So, again, is the president saying he doesn't want it but he might accept it or there's no way he's going to accept it?
SEBELIUS: Well, again, I wasn't in the specific conversations. I think what's happening now is exactly what needs to happen, as they engage in writing the bill that will mean health reform this year, and that's putting some details together. And that dialogue will go on, about how to pay for it.
The president has proposed a payment of savings and, as you say, shaving the deductions off the wealthiest Americans. He still feels that that's a better alternative than some other...
STEPHANOPOULOS: But he's not going to get...
STEPHANOPOULOS: I mean, there's just no evidence that he's going to get that. All the major leaders on the Finance Committees and the Ways and Means Committee have said that's not the way they want to go; they want something else.
SEBELIUS: Well, I think, then, you know, that discussion will continue in the House and the Senate. But, again, what we don't want to do is have, at the end of the day, a tax on benefits that actually says to employers it's better to dump the benefits that you have; it's better to put those employees in the private market without employer-based coverage. That's a bad direction to move.
STEPHANOPOULOS: Is there a way to reform the treatment of those health benefits, the tax treatment of the health benefits without eliminating the complete deduction?
SEBELIUS: Well, I think that's what the Senate and House members are looking at: Is there a level above which you could tax; is there some kind of breaking point where it might be acceptable policy?
But, at this point, the president feels strongly that there are some other alternatives to pay for this.
What's unacceptable is the status quo. And there are lots of people on Capitol Hill who feel, if we just don't do anything, it will be OK. It will not be OK.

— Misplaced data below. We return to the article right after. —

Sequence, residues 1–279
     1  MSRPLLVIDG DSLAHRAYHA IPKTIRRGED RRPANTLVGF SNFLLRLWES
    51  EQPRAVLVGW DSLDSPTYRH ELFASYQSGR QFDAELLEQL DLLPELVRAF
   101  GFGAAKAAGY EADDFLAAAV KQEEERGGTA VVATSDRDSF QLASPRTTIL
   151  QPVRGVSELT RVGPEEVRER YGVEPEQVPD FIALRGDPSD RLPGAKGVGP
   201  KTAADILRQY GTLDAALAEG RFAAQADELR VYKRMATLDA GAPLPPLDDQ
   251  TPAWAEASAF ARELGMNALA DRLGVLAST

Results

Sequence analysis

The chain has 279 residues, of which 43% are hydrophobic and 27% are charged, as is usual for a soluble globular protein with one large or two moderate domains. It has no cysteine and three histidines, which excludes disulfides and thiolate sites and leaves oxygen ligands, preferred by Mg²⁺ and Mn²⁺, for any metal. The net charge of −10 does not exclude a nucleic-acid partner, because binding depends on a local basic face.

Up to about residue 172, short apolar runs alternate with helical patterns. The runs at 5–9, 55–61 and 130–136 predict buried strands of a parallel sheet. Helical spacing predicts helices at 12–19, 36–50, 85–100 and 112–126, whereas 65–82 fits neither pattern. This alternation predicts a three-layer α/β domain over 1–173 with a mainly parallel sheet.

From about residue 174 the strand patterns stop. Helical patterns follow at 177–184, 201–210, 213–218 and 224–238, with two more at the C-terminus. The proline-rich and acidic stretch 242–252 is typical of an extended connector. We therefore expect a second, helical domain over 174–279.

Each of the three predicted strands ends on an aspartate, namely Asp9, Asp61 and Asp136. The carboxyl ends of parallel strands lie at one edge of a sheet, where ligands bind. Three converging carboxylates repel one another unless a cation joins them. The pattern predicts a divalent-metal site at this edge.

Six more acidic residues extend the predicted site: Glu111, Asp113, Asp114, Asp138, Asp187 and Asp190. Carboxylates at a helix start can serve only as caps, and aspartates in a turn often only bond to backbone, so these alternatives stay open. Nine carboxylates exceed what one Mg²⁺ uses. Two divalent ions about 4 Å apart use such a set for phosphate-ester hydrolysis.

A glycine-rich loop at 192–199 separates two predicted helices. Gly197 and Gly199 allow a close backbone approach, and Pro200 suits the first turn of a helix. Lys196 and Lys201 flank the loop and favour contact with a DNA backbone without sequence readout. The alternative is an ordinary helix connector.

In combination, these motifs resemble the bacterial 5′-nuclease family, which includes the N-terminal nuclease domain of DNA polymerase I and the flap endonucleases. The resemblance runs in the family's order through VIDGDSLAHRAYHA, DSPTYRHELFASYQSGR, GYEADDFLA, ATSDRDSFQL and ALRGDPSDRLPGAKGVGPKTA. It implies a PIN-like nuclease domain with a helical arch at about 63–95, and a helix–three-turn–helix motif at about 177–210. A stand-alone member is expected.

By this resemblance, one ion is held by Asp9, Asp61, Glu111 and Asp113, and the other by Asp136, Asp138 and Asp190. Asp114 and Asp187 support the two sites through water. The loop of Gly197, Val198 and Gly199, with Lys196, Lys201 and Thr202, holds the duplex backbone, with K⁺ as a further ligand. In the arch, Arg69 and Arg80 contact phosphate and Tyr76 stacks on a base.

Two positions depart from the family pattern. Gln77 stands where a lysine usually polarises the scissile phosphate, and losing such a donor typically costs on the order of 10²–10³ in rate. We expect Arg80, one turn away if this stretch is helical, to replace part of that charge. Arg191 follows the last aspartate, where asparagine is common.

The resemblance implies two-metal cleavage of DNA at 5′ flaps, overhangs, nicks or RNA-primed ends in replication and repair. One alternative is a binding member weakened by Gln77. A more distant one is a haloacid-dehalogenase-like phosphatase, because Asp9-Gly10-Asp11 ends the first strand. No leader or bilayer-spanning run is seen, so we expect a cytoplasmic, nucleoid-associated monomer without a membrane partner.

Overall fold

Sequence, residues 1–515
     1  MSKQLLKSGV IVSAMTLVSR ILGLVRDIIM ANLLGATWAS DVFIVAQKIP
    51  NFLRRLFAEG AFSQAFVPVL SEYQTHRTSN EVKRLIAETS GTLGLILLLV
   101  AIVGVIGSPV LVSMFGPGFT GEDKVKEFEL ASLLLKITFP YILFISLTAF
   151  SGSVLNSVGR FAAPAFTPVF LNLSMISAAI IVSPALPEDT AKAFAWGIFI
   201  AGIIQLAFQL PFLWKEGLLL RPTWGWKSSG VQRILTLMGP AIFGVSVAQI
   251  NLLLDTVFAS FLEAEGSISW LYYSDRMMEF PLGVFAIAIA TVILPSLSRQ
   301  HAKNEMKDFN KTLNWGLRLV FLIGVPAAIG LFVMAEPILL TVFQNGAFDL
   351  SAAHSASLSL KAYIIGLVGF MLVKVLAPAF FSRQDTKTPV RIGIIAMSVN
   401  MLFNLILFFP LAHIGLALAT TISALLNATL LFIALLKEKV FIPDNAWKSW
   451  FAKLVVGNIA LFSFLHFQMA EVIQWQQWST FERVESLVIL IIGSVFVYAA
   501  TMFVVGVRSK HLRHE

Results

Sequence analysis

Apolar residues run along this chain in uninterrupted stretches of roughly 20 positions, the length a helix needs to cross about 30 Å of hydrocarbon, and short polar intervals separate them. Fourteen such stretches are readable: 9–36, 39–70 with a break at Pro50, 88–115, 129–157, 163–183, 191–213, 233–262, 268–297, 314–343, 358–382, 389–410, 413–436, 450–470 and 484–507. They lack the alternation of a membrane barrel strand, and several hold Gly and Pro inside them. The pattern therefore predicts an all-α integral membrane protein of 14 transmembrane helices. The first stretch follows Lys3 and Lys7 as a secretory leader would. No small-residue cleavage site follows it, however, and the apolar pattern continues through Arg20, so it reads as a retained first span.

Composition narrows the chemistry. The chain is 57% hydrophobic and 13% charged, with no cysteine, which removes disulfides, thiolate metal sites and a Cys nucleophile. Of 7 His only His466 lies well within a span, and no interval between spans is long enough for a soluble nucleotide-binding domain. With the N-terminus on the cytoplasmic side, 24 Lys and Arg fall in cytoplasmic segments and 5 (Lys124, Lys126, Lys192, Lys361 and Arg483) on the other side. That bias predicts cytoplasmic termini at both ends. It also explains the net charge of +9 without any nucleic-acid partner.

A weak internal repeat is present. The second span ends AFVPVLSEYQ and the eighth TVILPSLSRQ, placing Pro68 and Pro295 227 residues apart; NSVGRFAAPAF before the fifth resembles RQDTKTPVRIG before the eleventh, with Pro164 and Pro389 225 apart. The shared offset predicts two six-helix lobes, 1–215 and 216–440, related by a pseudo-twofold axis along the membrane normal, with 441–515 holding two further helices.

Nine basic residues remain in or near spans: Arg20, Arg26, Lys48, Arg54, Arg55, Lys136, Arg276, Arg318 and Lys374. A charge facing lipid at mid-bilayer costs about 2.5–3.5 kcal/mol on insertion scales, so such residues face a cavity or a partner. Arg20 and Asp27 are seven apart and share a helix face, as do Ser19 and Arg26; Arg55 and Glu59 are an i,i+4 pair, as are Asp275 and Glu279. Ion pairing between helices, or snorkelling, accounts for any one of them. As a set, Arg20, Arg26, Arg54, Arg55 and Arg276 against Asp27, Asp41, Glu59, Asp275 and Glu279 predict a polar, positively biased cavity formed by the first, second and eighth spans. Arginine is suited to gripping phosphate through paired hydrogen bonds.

SEBELIUS: ... business and families and government.
STEPHANOPOULOS: Probably the biggest flash point, right now, is this whole notion of whether or not to have a public health insurance plan to compete with the private insurance.
STEPHANOPOULOS: And that is drawing the most fire from Republican senators. Take a look.
(BEGIN VIDEO CLIP)
(UNKNOWN): The American people are starting to connect the dots and see these as, sort of, gateway drugs to the government takeover of health care. It's like putting an elephant in a room with some mice and say, "OK, fellows, compete."
After a while, the elephant has taken over the room and the only choice is the elephant.
(END VIDEO CLIP)
STEPHANOPOULOS: To back that up, we'll look at a study from the Loewen (ph) Group, a respected health care group that says that if this public insurance option paid Medicare rates, 70 percent of those now getting private insurance would migrate into the public plan, and that would be -- basically, it would swallow up the private plans.
SEBELIUS: I think there's a lot of dispute about the numbers that Loewen (ph) Group used. And also, there hasn't been any decision about what rates would be paid.